U2 ended 1989 with a series of now famous homecoming shows at The Point in Dublin over the Christmas period. In the recent “From The Sky Down” documentary, Bono explained how he felt their return to Ireland was viewed with an element of confusion from the audience. They had “returned” from the USA looking like a different band to the one that had left - footage from the Dublin gigs show Bono wearing a Stetson, The Edge with his hair in a pony tail clad in stone washed denim. Bono believed that U2 had lost their way and that they now looked, and sounded, like a completely different group. To be honest, listening to some bootlegs I have of the Dublin shows, the band at least sound on top form - the pointlessness of “All Along The Watchtower” aside, the shows were a simple blast through the hits, and the better album tracks, including oldies from “Boy”, and the setlists were inspired. But the band felt they had run their course, and Bono famously announced during one show that they were having to “go away, and dream it all up again”. In 1990, the band reconvened for a series of problematic recording sessions, but eventually, during one jam, The Edge played the chords for what would eventually become “One” - and U2 were reborn.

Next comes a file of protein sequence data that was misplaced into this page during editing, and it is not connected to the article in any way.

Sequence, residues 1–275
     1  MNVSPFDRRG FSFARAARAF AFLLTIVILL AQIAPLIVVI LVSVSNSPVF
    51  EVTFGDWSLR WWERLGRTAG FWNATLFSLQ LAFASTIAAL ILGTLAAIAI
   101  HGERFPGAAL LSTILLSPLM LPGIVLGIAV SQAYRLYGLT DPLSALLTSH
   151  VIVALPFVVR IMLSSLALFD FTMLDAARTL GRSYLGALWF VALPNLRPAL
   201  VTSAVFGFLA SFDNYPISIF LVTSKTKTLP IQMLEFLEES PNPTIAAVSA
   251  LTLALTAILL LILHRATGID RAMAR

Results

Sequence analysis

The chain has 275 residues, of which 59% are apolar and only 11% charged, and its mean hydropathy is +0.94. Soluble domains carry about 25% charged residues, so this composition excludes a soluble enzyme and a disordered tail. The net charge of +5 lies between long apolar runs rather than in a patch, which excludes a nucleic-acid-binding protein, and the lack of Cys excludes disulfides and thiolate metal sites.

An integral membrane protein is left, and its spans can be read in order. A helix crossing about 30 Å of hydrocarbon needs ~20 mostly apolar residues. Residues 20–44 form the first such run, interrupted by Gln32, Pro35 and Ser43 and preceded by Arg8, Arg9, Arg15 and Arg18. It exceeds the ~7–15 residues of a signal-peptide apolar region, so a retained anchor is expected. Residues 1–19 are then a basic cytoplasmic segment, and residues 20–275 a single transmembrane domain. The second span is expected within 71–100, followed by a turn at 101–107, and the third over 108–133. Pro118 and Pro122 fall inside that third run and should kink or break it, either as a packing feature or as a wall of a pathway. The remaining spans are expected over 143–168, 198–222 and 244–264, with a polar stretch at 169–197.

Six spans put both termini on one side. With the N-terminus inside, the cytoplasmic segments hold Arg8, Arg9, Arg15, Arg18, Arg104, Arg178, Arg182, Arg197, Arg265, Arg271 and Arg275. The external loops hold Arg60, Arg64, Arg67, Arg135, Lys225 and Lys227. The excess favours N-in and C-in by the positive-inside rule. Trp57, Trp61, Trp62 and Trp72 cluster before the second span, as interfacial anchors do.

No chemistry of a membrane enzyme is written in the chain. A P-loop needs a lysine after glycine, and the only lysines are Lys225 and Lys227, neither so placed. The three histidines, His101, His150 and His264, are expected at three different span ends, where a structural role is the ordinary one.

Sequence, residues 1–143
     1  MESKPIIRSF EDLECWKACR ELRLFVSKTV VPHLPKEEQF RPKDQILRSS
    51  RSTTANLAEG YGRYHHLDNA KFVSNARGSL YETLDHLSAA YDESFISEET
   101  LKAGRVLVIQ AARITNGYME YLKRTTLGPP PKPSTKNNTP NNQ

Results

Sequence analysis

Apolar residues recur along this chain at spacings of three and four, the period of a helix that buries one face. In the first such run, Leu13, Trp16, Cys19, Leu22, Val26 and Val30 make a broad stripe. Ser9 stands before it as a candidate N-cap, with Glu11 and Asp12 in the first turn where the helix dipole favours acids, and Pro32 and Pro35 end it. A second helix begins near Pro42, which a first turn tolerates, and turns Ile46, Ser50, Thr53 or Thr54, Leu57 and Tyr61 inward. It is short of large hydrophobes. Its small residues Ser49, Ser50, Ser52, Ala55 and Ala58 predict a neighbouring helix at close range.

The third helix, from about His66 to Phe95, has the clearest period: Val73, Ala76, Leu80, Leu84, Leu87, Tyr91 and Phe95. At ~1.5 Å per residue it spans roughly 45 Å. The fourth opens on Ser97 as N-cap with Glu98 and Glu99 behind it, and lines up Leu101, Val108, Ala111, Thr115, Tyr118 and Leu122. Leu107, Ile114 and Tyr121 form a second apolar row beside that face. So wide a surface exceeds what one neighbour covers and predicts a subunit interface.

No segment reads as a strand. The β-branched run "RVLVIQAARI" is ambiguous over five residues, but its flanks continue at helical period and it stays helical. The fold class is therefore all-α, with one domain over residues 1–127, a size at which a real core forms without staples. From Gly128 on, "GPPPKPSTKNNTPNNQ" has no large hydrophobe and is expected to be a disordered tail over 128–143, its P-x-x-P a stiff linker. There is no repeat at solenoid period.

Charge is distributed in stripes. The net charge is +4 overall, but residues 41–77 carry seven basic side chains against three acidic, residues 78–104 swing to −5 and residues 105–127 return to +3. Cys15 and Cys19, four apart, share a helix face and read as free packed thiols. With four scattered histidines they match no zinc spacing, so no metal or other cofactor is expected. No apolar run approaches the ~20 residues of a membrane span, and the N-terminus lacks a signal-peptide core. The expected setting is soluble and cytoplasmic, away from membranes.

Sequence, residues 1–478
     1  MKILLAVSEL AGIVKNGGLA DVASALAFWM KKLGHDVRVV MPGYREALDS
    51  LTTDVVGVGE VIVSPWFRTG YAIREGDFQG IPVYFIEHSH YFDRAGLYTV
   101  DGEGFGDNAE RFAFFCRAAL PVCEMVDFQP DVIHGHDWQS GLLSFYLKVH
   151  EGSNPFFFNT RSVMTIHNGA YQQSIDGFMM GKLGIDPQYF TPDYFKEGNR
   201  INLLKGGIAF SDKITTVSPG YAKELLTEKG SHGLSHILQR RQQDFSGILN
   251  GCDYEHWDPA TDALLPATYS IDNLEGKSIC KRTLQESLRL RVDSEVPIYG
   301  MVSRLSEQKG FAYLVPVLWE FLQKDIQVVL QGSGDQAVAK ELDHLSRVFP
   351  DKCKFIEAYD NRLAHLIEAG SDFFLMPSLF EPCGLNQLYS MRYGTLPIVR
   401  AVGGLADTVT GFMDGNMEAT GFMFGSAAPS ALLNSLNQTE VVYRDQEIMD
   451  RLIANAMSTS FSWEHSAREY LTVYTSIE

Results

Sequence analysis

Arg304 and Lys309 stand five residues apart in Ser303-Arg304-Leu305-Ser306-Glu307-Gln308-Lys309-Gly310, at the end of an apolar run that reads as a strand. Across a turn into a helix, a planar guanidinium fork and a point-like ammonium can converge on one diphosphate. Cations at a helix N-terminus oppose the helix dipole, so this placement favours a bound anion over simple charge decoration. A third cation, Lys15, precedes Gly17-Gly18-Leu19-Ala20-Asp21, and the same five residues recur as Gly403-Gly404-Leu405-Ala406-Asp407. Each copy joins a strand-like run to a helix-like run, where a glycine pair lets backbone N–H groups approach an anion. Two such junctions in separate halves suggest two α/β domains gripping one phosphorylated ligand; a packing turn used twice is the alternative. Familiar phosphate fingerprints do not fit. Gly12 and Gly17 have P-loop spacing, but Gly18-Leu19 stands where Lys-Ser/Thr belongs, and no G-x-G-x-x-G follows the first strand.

U2 on 45

Although their first single was first released on 12”, U2 tended to shy away from the format during the start of their career. It wasn’t until the “War” album that they began to release singles on this format on a regular basis in the UK, and even then, some releases were academic - the “New Year’s Day” 12” featured the same songs as the doublepack 7”, but was of less interest as it included the album version of the a-side instead of the unique 7” edit.